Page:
Suzuki H, Tsukahara T. A view of pre-mRNA splicing from RNase R resistant RNAs. Int J Mol Sci. 2014;15:9331–42.
Warburg O. On the origin of cancer cells. Science. 1956;123:309–14.
Chen M, Zhang J, Manley JL. Turning on a fuel switch of cancer: hnRNP proteins regulate alternative splicing of pyruvate kinase mRNA. Cancer Res. 2010;70:8977–80.
Christofk HR, Vander Heiden MG, Wu N, Asara JM, Cantley LC. Pyruvate kinase M2 is a phosphotyrosine-binding protein. Nature. 2008;452:181–6.
Lu W, Cao Y, Zhang Y, Li S, Gao J, Wang XA, Mu J, Hu YP, Jiang L, Dong P, et al. Up-regulation of PKM2 promote malignancy and related to adverse prognostic risk factor in human gallbladder cancer. Sci Rep. 2016;6:26351.
Calabretta S, Bielli P, Passacantilli I, Pilozzi E, Fendrich V, Capurso G, Fave GD, Sette C. Modulation of PKM alternative splicing by PTBP1 promotes gemcitabine resistance in pancreatic cancer cells. Oncogene. 2016;35:2031–9.
Nguyen A, Loo JM, Mital R, Weinberg EM, Man FY, Zeng Z, Paty PB, Saltz L, Janjigian YY, de Stanchina E, Tavazoie SF. PKLR promotes colorectal cancer liver colonization through induction of glutathione synthesis. J Clin Invest. 2016;126:681–94.
Tillmar L, Carlsson C, Welsh N. Control of insulin mRNA stability in rat pancreatic islets. Regulatory role of a 3′-untranslated region pyrimidine-rich sequence. J Biol Chem. 2002;277:1099–106.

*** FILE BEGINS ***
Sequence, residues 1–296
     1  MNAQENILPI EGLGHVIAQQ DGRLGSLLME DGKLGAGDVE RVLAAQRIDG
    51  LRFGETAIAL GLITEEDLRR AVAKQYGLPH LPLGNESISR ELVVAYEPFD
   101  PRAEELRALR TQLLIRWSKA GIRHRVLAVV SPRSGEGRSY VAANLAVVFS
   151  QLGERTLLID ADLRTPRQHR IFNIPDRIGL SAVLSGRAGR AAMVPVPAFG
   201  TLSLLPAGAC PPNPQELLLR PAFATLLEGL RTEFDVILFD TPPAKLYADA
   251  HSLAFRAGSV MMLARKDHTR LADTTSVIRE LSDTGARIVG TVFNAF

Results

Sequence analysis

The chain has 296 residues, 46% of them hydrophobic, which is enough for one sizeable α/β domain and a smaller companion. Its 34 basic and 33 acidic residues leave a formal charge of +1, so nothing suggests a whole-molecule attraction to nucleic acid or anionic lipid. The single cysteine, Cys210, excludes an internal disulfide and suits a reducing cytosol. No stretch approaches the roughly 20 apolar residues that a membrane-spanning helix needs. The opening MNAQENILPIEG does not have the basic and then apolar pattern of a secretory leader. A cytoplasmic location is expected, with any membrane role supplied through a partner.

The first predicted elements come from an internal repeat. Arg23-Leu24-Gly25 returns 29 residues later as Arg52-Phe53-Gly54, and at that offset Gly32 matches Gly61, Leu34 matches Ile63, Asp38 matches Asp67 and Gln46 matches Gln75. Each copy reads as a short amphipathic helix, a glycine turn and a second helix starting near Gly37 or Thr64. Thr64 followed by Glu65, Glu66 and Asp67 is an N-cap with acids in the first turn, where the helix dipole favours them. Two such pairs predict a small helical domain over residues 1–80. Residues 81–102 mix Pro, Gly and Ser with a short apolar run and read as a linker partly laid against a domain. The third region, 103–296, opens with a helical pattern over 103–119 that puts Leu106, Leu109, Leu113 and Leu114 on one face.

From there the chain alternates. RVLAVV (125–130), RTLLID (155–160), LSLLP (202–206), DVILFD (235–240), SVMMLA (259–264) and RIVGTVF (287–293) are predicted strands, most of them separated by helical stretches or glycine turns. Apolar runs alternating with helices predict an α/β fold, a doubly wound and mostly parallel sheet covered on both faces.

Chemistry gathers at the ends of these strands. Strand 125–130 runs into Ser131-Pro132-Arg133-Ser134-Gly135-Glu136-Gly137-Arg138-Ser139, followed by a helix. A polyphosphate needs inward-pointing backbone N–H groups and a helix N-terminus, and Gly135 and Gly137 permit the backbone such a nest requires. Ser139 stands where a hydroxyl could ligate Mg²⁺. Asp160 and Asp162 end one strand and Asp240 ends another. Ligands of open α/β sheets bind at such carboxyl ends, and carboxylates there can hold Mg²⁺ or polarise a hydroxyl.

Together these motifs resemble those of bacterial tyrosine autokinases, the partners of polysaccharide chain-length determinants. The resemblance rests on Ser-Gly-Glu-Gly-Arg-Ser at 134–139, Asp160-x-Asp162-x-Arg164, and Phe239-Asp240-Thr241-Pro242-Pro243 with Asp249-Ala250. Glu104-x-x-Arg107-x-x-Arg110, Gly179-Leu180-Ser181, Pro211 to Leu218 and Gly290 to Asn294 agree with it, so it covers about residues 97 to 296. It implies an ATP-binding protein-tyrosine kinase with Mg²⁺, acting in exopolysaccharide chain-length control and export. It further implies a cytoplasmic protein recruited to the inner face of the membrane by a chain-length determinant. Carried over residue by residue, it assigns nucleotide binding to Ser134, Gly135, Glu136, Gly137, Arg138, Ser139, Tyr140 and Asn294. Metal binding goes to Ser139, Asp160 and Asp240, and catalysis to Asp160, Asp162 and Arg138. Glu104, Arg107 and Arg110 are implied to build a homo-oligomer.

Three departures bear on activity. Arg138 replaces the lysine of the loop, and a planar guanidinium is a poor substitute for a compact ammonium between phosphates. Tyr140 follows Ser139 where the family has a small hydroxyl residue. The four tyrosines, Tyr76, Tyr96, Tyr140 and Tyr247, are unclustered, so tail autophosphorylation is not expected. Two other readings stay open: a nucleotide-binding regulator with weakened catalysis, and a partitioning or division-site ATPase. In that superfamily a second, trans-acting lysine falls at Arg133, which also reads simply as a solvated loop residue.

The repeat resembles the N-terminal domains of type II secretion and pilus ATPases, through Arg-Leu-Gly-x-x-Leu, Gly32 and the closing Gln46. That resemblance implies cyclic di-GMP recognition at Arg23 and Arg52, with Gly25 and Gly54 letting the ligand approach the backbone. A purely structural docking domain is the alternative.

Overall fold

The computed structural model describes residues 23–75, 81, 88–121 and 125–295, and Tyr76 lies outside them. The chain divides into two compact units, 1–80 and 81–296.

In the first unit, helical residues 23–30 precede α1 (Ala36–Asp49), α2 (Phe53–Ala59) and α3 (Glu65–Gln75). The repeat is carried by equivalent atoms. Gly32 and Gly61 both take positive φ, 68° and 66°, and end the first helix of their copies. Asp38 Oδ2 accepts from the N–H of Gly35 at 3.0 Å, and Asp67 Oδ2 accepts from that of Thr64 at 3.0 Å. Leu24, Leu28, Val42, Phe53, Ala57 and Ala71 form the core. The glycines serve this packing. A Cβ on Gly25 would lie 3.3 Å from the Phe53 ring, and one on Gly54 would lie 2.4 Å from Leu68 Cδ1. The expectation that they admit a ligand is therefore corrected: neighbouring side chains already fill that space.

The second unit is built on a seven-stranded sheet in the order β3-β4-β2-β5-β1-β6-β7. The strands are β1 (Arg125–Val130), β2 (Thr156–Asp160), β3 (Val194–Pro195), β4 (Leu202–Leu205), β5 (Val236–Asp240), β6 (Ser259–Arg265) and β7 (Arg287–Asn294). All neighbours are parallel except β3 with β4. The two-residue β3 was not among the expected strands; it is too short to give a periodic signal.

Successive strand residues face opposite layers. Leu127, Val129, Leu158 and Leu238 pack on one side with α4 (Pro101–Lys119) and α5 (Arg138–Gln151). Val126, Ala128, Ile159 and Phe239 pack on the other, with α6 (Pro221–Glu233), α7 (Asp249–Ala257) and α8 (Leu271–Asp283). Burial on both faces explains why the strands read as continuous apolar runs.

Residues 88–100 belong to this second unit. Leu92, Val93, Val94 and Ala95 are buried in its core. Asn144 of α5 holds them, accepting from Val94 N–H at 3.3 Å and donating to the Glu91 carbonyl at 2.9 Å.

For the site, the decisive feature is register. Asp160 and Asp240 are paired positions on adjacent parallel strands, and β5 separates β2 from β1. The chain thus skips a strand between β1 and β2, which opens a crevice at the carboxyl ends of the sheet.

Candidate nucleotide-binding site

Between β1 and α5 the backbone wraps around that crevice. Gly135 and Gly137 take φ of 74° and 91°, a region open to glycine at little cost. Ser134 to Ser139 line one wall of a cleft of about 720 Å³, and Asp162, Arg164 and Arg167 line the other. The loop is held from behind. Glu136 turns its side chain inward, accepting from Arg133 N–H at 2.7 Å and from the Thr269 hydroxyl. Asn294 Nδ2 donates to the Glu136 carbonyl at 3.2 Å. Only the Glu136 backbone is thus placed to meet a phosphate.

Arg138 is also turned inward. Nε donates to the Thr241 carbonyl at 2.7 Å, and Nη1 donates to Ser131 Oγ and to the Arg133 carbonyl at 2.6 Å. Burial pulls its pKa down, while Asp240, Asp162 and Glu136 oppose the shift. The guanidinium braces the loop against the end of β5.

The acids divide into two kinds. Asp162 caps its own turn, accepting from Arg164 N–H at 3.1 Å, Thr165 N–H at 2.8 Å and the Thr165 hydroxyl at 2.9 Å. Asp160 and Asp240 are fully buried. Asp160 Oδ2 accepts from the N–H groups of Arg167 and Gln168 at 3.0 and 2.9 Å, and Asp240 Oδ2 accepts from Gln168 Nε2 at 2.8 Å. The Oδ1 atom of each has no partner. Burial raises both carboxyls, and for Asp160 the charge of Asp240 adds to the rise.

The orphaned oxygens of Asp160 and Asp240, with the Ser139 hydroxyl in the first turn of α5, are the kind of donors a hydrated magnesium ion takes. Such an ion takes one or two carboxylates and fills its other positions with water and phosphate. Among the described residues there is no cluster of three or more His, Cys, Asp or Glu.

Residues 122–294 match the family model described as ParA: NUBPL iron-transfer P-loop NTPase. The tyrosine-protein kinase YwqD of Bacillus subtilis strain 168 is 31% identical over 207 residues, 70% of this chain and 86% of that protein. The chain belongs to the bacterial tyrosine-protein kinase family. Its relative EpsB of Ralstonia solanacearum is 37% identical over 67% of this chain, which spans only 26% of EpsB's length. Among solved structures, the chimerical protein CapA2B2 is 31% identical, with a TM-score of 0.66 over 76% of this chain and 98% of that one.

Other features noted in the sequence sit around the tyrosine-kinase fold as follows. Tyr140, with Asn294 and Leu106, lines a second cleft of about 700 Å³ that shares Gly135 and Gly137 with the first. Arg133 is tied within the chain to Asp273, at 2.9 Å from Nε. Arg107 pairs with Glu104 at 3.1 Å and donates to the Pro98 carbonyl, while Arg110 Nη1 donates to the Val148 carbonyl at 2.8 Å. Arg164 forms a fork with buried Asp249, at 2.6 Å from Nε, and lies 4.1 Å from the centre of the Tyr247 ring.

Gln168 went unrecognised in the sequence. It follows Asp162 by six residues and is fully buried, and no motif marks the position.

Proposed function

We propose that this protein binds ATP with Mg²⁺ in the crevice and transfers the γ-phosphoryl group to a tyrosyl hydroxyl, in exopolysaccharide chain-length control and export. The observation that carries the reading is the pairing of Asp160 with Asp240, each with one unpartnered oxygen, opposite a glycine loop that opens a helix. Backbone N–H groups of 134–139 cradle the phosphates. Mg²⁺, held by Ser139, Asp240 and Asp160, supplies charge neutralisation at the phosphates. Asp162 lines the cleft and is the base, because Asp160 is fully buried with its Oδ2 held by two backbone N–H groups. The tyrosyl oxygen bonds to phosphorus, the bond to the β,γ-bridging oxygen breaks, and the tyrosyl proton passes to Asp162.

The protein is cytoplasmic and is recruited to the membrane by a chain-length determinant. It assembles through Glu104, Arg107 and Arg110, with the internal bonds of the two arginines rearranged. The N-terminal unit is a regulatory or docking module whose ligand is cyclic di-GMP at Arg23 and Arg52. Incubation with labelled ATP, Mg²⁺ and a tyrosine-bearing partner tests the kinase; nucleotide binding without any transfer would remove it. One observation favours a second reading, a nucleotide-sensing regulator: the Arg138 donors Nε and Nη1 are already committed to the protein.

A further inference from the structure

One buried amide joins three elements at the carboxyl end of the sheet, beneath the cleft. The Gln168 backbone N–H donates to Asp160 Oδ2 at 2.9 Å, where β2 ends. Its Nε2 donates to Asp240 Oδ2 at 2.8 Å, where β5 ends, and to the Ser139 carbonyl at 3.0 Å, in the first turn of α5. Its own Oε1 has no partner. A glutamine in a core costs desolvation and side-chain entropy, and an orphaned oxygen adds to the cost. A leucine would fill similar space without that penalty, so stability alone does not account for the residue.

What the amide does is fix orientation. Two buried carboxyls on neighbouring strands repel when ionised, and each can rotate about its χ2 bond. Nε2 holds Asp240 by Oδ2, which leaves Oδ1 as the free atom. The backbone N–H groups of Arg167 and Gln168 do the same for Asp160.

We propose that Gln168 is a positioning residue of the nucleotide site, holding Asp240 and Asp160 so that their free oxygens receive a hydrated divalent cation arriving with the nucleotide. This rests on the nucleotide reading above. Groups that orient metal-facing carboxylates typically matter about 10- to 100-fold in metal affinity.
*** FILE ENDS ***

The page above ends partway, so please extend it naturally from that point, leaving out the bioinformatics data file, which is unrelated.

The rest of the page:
Cui J, Placzek WJ. PTBP1 modulation of MCL1 expression regulates cellular apoptosis induced by antitubulin chemotherapeutics. Cell Death Differ. 2016;23:1681–90.
Cote CA, Gautreau D, Denegre JM, Kress TL, Terry NA, Mowry KL. A Xenopus protein related to hnRNP I has a role in cytoplasmic RNA localization. Mol Cell. 1999;4:431–7.
Ge Z, Quek BL: Polypyrimidine tract binding protein 1 protects mRNAs from recognition by the nonsense-mediated mRNA decay pathway. 2016, 5.
Cortes-Lopez M, Miura P. Emerging functions of circular RNAs. Yale J Biol Med. 2016;89:527–37.
Barrett SP, Salzman J. Circular RNAs: analysis, expression and potential functions. Development. 2016;143:1838–47.
Guarnerio J, Bezzi M, Jeong JC, Paffenholz SV, Berry K, Naldini MM, Lo-Coco F, Tay Y, Beck AH, Pandolfi PP. Oncogenic role of fusion-circRNAs derived from Cancer-associated chromosomal translocations. Cell. 2016;165:289–302.
Wang K, Sun Y, Tao W, Fei X, Chang C. Androgen receptor (AR) promotes clear cell renal cell carcinoma (ccRCC) migration and invasion via altering the circHIAT1/miR-195-5p/29a-3p/29c-3p/CDC42 signals. Cancer Lett. 2017;394:1.
Yao Z, Luo J, Hu K, Lin J, Huang H, Wang Q, Zhang P, Xiong Z, Huang Z, He C, et al. ZKSCAN1 gene and its related circular RNA (circZKSCAN1) both inhibit hepatocellular carcinoma cell growth, migration and invasion but through different signaling pathways. Mol Oncol. 2017;11:422–37.